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Date, Time, LocationFriday, November 30, 12:00-1:30PM, Howard-Tilton Memorial Library, Room B12 (basement)

Date, Time, Place: Friday, October 26, 12:00-1:30PM, Howard-Tilton Memorial Library, Room B12 (basement)

Presenter: Professor Stephen Ostertag, Tulane University, Department of Sociology

Title: Collective Trauma, Coping, and the Cultural Work of Blog Use in Long-term Disaster Recovery

8 a.m. Continental Breakfast

  • Dixon Hall, Room 118

9 a.m. Welcome Remarks

  • Mike Fitts, President, Tulane University

9:15 a.m. Session One: University Leadership

Chair: Charles B. Knapp, President Emeritus, University of Georgia

Discussants:

Workshop Facilitator: lisa Hooper (Howard-Tilton Memorial Library)

Description:

In this one hour workshop we will review basic definitions, look at examples, and collaboratively identify existing Tulane digital resources that may used as open educational resources (OERs) in your teaching. Although not necessary, you are encouraged to bring a syllabus for one of your existing courses or a syllabus in development.

Presenter: Raquel Horlick (Howard-Tilton Memorial Library)

 

Description: 

Curious about publishing in an OA journal but worried about the quality of the publication? Confused over article processing fees, and the different types of open access formats currently available (ex., Gold, green, and hybrid)? This workshop will provide an overview of OA Publishing, including types of OA policies, resources to evaluate publishers and journals, and how OA can promote your research.

Featured Panelists: 

Theodore S. Owers, III and Matter Miller (Carver Darden)

Greg Stein and Shafin Khan (Tulane Office of Technology Tansfer and IP Development)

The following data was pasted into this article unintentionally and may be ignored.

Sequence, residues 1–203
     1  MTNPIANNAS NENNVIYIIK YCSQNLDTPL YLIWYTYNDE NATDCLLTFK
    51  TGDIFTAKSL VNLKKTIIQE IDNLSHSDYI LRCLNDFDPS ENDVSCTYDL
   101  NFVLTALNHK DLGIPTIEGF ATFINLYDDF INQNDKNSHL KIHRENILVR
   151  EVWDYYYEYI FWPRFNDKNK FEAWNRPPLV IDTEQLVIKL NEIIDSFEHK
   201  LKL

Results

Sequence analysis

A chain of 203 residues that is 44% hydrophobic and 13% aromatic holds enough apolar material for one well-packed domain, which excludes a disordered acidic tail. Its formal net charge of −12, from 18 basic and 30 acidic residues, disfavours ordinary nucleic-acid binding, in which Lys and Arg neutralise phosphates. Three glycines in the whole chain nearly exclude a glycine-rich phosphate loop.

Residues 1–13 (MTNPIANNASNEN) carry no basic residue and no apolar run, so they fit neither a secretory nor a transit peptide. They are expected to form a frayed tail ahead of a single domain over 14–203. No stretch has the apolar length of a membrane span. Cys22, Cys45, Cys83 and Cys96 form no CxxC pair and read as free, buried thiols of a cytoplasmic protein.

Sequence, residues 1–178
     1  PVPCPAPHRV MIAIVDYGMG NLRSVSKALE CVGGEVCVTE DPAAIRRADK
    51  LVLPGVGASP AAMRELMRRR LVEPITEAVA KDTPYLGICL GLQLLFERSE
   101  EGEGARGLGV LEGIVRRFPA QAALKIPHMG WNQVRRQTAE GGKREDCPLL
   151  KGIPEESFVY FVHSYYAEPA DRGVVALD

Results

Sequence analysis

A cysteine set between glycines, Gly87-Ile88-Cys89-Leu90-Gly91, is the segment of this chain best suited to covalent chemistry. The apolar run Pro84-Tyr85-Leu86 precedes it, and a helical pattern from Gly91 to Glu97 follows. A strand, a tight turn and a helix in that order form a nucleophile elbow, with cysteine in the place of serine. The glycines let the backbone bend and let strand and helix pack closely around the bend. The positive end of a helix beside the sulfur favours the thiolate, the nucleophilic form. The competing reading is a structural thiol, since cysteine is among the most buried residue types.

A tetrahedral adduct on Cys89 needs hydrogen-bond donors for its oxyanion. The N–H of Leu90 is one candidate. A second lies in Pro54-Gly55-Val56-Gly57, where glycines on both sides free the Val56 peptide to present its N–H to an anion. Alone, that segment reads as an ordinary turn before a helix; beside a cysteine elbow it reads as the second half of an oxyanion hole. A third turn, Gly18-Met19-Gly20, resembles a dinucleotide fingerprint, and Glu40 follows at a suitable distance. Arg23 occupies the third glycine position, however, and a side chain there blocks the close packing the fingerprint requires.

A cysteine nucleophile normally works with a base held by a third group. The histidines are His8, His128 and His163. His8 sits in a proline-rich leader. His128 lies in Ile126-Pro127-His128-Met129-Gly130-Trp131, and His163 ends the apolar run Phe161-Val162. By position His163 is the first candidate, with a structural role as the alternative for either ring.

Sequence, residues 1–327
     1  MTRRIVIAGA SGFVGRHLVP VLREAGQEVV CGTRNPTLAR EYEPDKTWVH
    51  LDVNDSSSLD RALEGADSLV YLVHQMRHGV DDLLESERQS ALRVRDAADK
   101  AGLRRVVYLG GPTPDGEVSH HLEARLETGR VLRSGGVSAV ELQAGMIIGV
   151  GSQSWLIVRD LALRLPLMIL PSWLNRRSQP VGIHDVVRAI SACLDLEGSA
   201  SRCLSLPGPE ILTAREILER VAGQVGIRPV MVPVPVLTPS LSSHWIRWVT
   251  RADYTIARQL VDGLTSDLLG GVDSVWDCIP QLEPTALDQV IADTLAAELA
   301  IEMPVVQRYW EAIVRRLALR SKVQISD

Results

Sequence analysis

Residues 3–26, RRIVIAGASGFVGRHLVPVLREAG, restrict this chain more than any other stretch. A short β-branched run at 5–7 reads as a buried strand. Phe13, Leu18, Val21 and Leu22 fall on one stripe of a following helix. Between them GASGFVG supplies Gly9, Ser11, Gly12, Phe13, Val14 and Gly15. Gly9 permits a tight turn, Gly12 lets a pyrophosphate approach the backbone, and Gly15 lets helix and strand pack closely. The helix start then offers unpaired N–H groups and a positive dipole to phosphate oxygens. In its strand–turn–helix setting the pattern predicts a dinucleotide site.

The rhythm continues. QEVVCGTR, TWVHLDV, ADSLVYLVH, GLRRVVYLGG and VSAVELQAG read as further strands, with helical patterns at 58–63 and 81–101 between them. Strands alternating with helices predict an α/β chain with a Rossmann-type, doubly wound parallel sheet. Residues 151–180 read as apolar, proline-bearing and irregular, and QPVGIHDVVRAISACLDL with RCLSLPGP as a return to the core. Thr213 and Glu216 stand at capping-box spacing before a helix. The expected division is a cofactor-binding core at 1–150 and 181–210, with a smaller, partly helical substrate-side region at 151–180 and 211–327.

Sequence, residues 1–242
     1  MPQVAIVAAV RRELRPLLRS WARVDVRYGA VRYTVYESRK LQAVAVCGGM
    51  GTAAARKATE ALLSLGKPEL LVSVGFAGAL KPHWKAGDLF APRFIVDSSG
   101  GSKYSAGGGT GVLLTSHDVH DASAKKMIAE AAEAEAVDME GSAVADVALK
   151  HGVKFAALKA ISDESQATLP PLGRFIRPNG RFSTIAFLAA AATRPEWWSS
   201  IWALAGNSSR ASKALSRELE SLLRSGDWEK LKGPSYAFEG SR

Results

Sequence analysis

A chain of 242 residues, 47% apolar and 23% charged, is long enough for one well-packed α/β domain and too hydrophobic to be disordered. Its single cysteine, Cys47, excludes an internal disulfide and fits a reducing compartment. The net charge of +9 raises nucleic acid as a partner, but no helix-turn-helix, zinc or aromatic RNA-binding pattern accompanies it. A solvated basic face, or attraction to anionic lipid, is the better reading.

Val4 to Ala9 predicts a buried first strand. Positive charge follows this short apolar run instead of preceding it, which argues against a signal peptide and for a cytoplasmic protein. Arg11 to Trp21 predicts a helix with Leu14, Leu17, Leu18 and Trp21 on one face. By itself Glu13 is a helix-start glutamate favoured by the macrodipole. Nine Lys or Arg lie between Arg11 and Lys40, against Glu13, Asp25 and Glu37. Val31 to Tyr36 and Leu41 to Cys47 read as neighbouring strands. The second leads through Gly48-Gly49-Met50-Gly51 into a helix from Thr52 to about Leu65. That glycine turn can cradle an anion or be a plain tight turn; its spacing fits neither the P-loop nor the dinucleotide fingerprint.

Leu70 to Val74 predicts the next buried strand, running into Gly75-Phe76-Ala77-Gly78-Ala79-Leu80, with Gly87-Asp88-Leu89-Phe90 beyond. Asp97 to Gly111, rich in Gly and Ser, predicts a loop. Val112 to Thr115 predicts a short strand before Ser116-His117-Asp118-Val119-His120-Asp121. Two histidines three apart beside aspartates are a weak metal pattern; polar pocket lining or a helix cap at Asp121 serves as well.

Elizabeth Townsend-Gard (Tulane Law School)

 

Description:

Panelists will share their experiences with fair use publishing and access - they will talk about the challenges in determining if fair use applies, how to produce information with fair use in mind and the challenges of complying with fair use laws.

The intersection of environmental protections and human rights has become a critical point for advocacy and activism. It is difficult today to talk about human rights, without also discussing environmental justice, climate change, and the rights of nature. The reverse is also true. Around the world, activists, lawyers, and judges have begun developing new and creative methods for addressing this nexus of environmental justice and human rights, and, in the process, are working to reframe how we think about the human-nature relationship.

Graduate Student Seminar: National Science Foundation (NSF) Graduate Research Fellowship Program (GRFP)

Culture Workshop: Marina Zaloznaya, University of Iowa

Culture Workshop: Craig Willse, George Mason University. "Civilizing the City: Race, Nature, and Gender in Gentrifying Los Angeles"

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